But what matters is the efficiency of the sails, rather than extending them.
     
  9. WindRaf
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    WindRaf Senior Member

    Steve W,
    yes, it is the true paradox: more the boat is smaller and more must have ability to load. If someone thinks load on a 10 ft the same amount of food and water that is expected on a 20 ft, will die of hunger and thirst.
     
  10. Steve W
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    Steve W Senior Member

    Any of you guys considered a Baelstron rig, (the British made Aerorig was an example) It is unstayed which would be very easy to do on your boats, is very efficient upwind and down without extras although it could be adapted to carry a gennaker. Since you will be mostly downwind it could work very well as it really shines at getting that headsail projected and controlled. Just a thought.

    Steve.
     
  11. WindRaf
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    WindRaf Senior Member

    Steve W,
    my opinion is that Balestron is the complication of the simple things. I do not see any advantages about him.
     
  12. Steve W
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    Steve W Senior Member

    Actually it is a very simple rig and that is one of its advantages, especially on a very small boat. Unstayed is simple, a fixed boom is very simple, a big advantage is it is a balanced rig so sheetloads are very small so even large boats only use a 2:1 mainsheet. As you know running downwind with a conventional sloop rig the headsail is an exersize in futility whereas with the baelstron you have the headsail projected out opposite to the main and perfectly under control, also of course with the rig being unstayed you can have the boom much further out, in fact square across the boat. In the past with larger boats these rigs were prohibitively expensive to buy but on a tiny boat it would be as cheap and easy as any other rig if you built it yourself. Eliminating stays increases reliability.

    Steve.
     
  13. WindRaf
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    WindRaf Senior Member

    Steve W,
    with the wind abeam the Balestron brings the sailing center amidships, instead of forward, and this is very bad for the stability of the route.
    Also the ones I've seen have exaggerated oversized mast to withstand the stresses inherent in this solution.
    With a self-tacking jib you have a single sheet also with a normal equipment.
     
  14. sharpii2
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    sharpii2 Senior Member

    Steve.

    The uldb has its own problems. Not to say it is not capable for the job, But it will probably require a more sophisticated self steering arrangement and may actually be a rougher ride. Plus there the possibility it may not hold together for the whole voyage.
    with proper re-enforcing and the right equipment, it will do. And you are probably right that it may be less expensive than a boat that is deliberately designed to be short for the job.

    But I think you are wrong in saying that the speed will be diminished in an ever winding spiral. This is because of the concept of hull speed. As long as the all up speed of the boat is kept well below 1.34 (LWL)^0.5, in kts and feet, it will take little power to move it. The likely speed is going to be around 3.0 kts, with it sometimes reaching 4.0 kts, but often doing less. With adequate wind/sail area, the actual D/L doesn't matter much for this performance range, be it 300 or 1,000.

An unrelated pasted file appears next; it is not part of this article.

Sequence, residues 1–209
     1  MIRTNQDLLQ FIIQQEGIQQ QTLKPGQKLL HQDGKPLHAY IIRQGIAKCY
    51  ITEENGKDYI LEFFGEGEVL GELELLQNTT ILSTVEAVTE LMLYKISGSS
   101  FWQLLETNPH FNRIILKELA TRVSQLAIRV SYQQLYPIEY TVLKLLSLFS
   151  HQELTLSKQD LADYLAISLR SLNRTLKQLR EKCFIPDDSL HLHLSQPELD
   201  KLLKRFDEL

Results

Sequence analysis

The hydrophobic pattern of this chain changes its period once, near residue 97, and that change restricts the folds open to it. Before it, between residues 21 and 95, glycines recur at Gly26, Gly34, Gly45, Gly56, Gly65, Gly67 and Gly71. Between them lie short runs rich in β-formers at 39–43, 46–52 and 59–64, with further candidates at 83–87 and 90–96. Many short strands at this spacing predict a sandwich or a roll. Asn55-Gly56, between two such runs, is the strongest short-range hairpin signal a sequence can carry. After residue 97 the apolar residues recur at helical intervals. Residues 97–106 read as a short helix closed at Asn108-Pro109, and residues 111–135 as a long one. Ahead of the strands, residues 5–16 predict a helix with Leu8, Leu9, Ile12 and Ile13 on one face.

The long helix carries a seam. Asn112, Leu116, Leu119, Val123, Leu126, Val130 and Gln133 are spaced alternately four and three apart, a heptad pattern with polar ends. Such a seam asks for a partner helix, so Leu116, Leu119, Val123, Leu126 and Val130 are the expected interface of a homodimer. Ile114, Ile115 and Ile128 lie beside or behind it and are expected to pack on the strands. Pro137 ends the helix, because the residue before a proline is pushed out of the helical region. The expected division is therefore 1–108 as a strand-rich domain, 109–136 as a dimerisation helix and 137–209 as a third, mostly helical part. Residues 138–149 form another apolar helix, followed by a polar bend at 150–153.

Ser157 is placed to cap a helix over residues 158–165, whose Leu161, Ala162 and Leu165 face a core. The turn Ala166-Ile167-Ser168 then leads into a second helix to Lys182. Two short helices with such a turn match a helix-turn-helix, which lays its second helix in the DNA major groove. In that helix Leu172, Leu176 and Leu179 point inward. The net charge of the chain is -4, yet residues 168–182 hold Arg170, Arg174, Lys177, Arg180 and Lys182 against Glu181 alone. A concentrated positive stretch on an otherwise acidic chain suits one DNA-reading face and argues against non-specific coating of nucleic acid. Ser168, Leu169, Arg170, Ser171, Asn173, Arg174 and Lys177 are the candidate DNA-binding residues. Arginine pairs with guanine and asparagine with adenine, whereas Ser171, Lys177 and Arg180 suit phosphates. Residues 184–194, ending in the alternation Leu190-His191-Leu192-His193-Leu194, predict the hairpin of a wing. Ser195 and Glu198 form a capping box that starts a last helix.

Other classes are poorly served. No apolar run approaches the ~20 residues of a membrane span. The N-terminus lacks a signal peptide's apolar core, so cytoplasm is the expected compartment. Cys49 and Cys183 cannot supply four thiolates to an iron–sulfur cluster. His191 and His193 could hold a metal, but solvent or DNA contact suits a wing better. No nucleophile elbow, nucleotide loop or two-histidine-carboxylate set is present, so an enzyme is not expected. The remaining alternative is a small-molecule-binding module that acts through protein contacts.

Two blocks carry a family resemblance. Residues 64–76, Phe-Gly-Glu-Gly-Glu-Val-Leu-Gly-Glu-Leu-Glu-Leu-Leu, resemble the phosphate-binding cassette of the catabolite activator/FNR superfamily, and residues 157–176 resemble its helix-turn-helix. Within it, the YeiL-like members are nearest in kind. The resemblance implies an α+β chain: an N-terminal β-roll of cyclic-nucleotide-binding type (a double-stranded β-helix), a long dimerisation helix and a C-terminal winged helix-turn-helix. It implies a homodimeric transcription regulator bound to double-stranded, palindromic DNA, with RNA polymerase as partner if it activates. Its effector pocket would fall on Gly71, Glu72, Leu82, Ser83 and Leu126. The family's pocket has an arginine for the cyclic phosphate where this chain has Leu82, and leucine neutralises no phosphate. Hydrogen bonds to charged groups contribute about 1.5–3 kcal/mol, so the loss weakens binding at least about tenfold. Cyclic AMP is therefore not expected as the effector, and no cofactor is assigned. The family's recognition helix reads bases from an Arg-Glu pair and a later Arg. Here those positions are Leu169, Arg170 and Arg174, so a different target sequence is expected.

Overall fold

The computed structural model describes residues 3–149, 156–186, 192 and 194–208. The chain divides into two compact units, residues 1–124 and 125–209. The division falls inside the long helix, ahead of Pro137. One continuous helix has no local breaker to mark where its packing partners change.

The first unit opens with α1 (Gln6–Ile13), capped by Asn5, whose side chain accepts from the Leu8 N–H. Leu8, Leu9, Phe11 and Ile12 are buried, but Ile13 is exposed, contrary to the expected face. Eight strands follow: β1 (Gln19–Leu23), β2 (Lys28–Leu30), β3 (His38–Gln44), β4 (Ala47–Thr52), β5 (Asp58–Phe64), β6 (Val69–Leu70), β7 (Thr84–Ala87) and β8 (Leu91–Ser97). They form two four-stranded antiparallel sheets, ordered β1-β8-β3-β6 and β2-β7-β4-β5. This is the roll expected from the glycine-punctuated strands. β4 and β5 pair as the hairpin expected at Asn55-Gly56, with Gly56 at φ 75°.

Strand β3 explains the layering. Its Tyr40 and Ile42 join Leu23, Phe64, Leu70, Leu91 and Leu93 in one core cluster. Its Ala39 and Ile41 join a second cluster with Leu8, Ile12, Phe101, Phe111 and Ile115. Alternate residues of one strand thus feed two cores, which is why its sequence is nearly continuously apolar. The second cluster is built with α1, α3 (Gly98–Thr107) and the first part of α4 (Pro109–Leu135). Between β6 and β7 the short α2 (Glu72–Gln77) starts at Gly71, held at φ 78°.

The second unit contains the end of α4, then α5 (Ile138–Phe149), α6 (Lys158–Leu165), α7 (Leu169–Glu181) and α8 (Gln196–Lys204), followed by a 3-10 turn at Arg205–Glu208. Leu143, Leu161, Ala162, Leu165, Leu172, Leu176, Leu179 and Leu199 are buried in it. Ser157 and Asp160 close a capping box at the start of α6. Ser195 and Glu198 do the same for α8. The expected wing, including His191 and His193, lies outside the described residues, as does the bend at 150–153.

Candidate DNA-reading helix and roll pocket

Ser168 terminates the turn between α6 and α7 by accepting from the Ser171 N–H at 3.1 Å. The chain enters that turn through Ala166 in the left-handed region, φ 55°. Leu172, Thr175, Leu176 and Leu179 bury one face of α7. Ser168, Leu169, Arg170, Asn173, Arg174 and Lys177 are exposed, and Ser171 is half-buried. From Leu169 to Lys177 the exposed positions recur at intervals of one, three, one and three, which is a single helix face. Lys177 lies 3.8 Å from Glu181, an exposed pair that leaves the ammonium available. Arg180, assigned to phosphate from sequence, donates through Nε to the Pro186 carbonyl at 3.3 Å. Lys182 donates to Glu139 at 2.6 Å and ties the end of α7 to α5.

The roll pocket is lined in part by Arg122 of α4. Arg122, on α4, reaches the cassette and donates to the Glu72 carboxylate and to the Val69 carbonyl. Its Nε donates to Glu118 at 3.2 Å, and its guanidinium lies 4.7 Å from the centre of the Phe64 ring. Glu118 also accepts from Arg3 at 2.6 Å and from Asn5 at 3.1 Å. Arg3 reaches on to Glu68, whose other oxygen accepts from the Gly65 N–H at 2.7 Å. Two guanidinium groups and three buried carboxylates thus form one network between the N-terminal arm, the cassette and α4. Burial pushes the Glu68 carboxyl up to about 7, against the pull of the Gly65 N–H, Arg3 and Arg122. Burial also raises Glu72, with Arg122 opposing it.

The smaller boat, with a long keel, may actually have a more comfortable motion than the much longer, lighter speedster, as the long keel dampens the roll better, and the vastly greater D/L moderates the heave motion.

    10 ft is still gosh darn short. A length in the mid teens would probably be better. But the challenge is 10 ft. And, IMHO, though short, this seems at least somewhat within reason.

    I once made a rig similar to the Baelstrom, or so-called swing rig. I was a teenager then, and I had never heard of it. The one I made had a Boom which crossed the Mast, like a lug sail, but had no yard. The sail was split where it crossed the mast, and the aft portion was laced to it.

    It was surprisingly effective up wind, despite being made out of cheap materials (see second attachment).

    The problem with this sort of rig, on a very heavy ten footer, is that the yard and mast would have to be quite long, in relation to the boat, to provide adequate SA. To keep the Boom length within reason, the mast would have to be quite tall. To get it this tall, and not use any standing rigging, will require making it of carbon fiber. Designing and building such as mast is the job of a highly paid specialist. If the mast is ever broken, a new one will have to be custom made and shipped to replace it.

    The short, stay supported rig I chose has its own problems, such as the very long gaff, but I think its short enough to be made out of wood and be more than strong enough.

    Since the voyage is likely to be almost entirely down wind, a square sail may not be too bad of a choice. Such will be paired with a mizzen mast and sail. With the Square sail full, the boat will be balanced to stably sail down wind at an angle, just as it would with the jib and main I drew (see first attachment).

    With the main reefed, and the mizzen full, it would be able to sail up wind, at least begrudgingly.

    The Boom and Yard could then be well secured to the mast, at their center lengths, and far harder for the sea to wrench free, in the event of a capsize.
     

    Attached Files:


  15. pdwiley
    Joined: Jun 2008
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    pdwiley Senior Member

    John Riding in the 'Sea Egg'. I have a copy of his book.

    As you say, he died. Reading the book tells you he didn't have a lot of fun before that point, either.

    At least he wasn't idiotic enough to try the Southern Ocean route. Anyone thinking of trying this better plan on skipping Australia en route or not count on their voyage continuing. We have & will stop vessels considered grossly unseaworthy from proceeding without repairs and in a case of a vessel that small, I can't see that there is any repair that could rectify the fundamental defects.

    Bit of a moot point though as I doubt anyone in a 10' boat leaving, say, South Africa, is going to ever reach Australia alive & in one piece, let alone be willing to continue on to South America.

    PDW